Mountain bike squad reflects on its 2012 season
The Orange Monkey-Cannondale pro cycling team will head into its third season in 2013. Having narrowly missed out on sending two of its athletes to the 2012 London Olympic Games, the team is refocusing on the 2016 Olympic Games in Rio, Brazil. In the shorter term, it is looking to upgrade from a professional UCI mountain bike team to an elite UCI mountain bike team.
"It's been a journey. 2012 has seen tears, jubilation, celebration, ecstasy and despair. We have and will work continuously to fulfill the high standards and targets we have set ourselves and with it hope to change the perception of cross country mountain biking in Britain," read a team press release.
"The team will go through some transition in the close season and you can expect to see new faces, sponsors and a slight change in strategy as we look to keep the progression going." It did not provide any details.
In 2012, the team kicked off its season in South Africa, collecting several podiums until bad luck struck and Ben Roff broke his wrist just prior to the opening World Cup.
First year senior rider David Fletcher proved to be a valuable addition to the team, bringing with him a wealth of knowledge and some serious power.
Perhaps the highlight of the early season was when Rourke Croeser won the Belgacom U23 race in Stoumont and was fourth overall against Julien Absalon and Maxime Marotte.
Things didn't go so well at two British cross country national series events in a row, in which hopes for a victory were dashed when both Croeser and Fletcher punctured while in the lead. Then the team's worst results came at the World Cup in Nove Mesto, Czech Republic.
Fletcher's luck turned around with a strong ride in La Bresse at the World Cup, where he started in 103rd and moved up to 44th. Croeser became the African Continental Champion in Mauritius while Alex Baker won his first junior national race of the year in Hopton Woods.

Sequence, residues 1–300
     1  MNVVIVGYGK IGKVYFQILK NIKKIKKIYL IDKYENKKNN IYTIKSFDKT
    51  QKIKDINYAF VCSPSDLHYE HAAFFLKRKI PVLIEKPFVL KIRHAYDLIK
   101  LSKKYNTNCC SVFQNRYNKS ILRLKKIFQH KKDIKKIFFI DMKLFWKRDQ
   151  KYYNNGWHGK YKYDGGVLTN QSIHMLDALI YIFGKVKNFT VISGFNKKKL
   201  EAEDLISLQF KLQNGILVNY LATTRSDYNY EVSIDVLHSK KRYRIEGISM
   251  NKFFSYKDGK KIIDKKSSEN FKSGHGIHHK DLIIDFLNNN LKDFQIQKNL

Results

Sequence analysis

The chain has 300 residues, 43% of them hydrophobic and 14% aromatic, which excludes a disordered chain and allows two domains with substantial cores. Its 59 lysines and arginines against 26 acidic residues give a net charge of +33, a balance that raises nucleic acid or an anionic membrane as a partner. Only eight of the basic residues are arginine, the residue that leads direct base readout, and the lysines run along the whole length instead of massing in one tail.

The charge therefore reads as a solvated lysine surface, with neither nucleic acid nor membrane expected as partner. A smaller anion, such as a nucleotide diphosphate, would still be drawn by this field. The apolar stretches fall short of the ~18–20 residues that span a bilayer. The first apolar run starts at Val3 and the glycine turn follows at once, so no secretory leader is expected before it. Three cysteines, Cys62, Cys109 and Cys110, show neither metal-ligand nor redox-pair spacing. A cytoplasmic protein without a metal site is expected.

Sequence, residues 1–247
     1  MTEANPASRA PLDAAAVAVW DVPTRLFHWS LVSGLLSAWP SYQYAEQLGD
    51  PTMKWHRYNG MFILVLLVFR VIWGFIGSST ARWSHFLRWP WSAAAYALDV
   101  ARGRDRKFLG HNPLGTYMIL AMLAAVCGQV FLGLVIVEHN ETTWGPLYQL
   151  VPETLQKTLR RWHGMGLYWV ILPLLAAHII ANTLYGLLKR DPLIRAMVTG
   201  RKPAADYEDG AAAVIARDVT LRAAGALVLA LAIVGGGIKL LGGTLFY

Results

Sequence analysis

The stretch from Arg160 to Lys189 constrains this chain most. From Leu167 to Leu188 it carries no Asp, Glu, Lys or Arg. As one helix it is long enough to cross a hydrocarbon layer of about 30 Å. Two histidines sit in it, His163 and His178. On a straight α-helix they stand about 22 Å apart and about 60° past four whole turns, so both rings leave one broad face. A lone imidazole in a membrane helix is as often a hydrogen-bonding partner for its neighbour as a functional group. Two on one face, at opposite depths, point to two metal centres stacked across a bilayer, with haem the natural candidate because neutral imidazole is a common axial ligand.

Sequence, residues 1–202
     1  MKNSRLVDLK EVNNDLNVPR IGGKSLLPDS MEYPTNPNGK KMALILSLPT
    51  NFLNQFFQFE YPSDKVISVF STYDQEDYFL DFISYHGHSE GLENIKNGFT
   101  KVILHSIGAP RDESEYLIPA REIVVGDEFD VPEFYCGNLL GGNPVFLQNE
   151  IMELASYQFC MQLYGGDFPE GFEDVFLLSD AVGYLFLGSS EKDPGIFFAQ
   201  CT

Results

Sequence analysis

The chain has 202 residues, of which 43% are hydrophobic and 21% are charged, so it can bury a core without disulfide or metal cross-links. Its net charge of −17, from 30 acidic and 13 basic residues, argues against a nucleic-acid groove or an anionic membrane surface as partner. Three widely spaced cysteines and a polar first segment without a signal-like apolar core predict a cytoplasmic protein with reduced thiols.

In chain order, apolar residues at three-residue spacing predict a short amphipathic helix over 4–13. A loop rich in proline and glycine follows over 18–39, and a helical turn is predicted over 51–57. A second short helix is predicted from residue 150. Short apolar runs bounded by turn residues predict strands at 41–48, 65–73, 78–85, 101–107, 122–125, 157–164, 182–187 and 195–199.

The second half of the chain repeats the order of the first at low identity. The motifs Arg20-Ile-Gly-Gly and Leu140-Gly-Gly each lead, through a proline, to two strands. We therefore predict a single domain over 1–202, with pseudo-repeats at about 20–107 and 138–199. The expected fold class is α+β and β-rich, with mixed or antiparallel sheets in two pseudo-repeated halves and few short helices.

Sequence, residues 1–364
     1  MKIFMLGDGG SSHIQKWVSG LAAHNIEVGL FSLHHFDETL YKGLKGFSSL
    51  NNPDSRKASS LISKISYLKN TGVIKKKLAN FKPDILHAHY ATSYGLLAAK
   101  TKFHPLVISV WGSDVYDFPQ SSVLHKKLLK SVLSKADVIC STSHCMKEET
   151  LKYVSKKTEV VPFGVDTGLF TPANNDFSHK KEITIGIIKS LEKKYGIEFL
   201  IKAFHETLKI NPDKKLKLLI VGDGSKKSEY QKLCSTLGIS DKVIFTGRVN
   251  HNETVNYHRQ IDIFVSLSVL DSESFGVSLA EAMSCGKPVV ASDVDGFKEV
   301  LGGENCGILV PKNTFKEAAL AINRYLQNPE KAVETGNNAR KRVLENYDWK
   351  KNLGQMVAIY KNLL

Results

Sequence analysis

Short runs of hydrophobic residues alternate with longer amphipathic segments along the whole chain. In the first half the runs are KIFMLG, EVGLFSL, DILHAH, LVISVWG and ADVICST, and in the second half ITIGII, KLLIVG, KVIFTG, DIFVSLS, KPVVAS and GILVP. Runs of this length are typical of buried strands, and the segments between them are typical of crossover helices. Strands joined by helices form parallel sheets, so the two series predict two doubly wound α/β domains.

The team made history by becoming the first British UCI cross country squad to make its way to America and Canada for the World Cups, with both star riders in attendance. It would be a mixed time across the Atlantic with highs and lows but a huge learning curve and an inspiring time for both riders and management.
British nationals were another highlight as both Croeser retained his national championship title under pressure while Fletcher finished second only to three-time Olympian Liam Killeen.
At the world championships, Fletcher took 44th in the elite men's category as a first-year elite rider while Croeser was 18th in the U23 race.
Near the end of the season, Paul Beales and Croeser had the honor of representing the team in China at the Guiyang Invitational Tournament in September. Made to feel like kings with an opening ceremony, police escorts and five-star accommodations, the team called it a "truly eye opening and inspirational experience that we will never forget".
The season was rounded off with a 100-mile race at the Kielder 100 Croeser took a third place.
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